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Recently, someone attempted to download a deprecated version of the Windows Script debugger. This tool was used to debug scripts prior to the introduction of more powerful, modern tools like those that are built into IE8 and later. The user emailed me when they encountered a very surprising outcome:
After clicking the Run button, the download proceeds, but then the user sees the message: <filename> was reported as unsafe.
The obvious question is “Who or what reported this file as unsafe?”
Many people might assume that this is a SmartScreen warning, but it’s not. When SmartScreen blocks a piece of known-malware, it takes all the credit, as you can see in this screenshot:
So, if it’s not SmartScreen, where is the warning coming from?
The answer is that the “<filename> was reported as unsafe” message occurs when the WinVerifyTrust API reports that there’s a problem with a downloaded file’s digital signature. Pretty straightforward. You’d might see this error if you tried to open an incompletely-downloaded file, for instance.
However… If you look at the signature in Windows Explorer, everything looks okay:
In particular, you’ll notice that the signature is marked OK at the top, and there’s a Timestamp at the bottom, which allows the signature to remain valid even after the certificate expires. However, that timestamp is twelve years old… this is a very old file.
Now, if you click the View Certificate button, and you’re a regular reader of my blog, you’ll might be able to spot the problem:
The problem is that the certificate itself is signed using the MD2 hash algorithm. This algorithm has known vulnerabilities and is not safe to use for untrusted content delivered over insecure networks. To that end, as I’ve mentioned in passing a couple of times on this blog, Internet Explorer 8+ on Windows 7 SP1+ no longer accepts Authenticode signatures that use the MD2 or MD4 hashing algorithms in the certificate chain. (MD2 and MD4 on the root itself isn’t a worry, because the root itself is installed on the machine). This restriction is enforced by passing the WTD_DISABLE_MD2_MD4 flag to WinVerifyTrust, instructing it to reject signatures that use either of these weak algorithms on the certificate chain. For the time being, Windows Explorer itself permits use of MD2 and MD4 in the signatures of locally-installed files, since the primary threat in today’s environment comes from code delivered using the Web.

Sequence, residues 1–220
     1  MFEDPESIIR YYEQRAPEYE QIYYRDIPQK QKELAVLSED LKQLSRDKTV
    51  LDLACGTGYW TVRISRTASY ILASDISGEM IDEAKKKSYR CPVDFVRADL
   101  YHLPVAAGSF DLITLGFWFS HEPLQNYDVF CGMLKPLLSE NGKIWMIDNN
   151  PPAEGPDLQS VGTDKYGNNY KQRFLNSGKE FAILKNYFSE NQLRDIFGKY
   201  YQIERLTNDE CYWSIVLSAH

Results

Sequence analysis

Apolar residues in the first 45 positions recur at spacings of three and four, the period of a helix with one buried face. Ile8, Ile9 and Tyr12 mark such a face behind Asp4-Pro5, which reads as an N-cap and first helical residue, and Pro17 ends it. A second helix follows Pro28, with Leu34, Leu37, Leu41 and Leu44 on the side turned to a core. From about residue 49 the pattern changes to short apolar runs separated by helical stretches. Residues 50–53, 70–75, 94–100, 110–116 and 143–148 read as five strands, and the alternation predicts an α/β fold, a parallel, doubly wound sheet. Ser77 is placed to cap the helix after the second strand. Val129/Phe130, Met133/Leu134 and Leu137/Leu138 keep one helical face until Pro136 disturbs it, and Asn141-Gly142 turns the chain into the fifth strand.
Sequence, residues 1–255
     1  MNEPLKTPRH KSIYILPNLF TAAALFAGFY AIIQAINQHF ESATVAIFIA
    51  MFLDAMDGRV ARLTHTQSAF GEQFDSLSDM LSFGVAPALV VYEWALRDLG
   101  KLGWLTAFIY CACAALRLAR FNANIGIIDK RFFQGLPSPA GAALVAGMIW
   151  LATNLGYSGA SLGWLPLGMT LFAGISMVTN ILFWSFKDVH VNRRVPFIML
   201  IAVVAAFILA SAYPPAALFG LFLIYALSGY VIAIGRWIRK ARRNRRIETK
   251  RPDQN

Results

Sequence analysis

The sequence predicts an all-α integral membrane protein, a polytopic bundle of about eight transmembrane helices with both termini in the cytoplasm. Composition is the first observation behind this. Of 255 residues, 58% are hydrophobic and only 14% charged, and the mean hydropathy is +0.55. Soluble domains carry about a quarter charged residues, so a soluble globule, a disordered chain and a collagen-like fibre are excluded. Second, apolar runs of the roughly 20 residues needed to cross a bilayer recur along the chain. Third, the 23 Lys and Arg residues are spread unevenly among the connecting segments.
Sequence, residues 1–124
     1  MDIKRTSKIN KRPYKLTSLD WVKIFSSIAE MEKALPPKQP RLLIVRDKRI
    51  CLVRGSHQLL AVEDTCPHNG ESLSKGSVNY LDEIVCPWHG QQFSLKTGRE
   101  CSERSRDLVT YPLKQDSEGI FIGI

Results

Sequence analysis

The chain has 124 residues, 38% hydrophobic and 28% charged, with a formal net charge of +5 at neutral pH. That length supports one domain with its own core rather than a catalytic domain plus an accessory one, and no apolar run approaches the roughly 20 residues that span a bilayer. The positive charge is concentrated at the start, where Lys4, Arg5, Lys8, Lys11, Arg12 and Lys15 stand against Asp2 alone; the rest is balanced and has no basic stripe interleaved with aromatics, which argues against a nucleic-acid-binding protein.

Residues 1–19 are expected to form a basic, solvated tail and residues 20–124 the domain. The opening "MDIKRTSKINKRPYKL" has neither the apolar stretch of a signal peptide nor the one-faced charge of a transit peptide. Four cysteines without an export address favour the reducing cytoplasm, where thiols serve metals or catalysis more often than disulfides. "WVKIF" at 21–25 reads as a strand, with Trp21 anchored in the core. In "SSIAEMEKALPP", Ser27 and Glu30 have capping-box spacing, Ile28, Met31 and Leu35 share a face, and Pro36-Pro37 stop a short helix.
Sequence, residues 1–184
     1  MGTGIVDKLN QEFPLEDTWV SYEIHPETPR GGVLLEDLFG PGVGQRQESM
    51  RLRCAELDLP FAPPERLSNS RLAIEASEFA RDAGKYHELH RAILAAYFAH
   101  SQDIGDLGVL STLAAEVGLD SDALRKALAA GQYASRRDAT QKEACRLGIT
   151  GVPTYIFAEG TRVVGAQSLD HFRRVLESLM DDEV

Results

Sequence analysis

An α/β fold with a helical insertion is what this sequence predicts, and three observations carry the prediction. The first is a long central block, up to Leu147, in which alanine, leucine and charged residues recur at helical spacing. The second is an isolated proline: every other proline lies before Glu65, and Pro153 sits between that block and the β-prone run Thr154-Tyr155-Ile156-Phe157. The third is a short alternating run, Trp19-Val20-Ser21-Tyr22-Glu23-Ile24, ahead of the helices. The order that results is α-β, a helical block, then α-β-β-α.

In the real world, downloads that are signed using deprecated algorithms prove to be quite uncommon, because relatively few software vendors were signing their packages in the late 1990s when MD2 and MD4 were in use. We’ve identified a few ancient installers on Microsoft’s Download Center that will need to be removed or re-signed using current certificates and newer algorithms (e.g. SHA-1) to present a stronger defense against skilled attackers that might try to spoof a digital signature.
And I thought it was because the certificate expired 11 years ago, not that it had an obsolete hash algorithm.
The first thing I noticed is the Valid to field on that screenshot.
Countersignature should remain good as long as the certs involved chain up to certs that are in the root store - even if those roots have expired. That's interesting about disallowing MD2 and MD4 if it came from the Internet. Would that warning go away if you downloaded it from Trusted Sites?
@Larry/Roman: I discuss the benefits of Timestamping in an earlier post: blogs.msdn.com/.../authenticode-code-signing-for-developers-for-file-downloads-building-smartscreen-application-reputation.aspx
@Aaron: A quick test confirms that IE9's download manager will still run WinVerifyTrust on downloaded executables from the Trusted Zone, even if you ratchet the security level down to Low.
SHA-1 is not a modern hash algorithm.
The SHA-2 family is a "current" hash algorithm, while the SHA-3 finalists are "modern" hash algorithms.
@hashnote: I don't think there's any dispute that SHA-1 is more modern than MD2/MD4. If your point is merely that there are newer hashes than SHA-1, sure, that's absolutely correct. The problem with moving to SHA-2 for everything, however, is that there are a number of legacy platforms that do not support SHA-2, and hence a move to that algorithm will result in a broken scenario.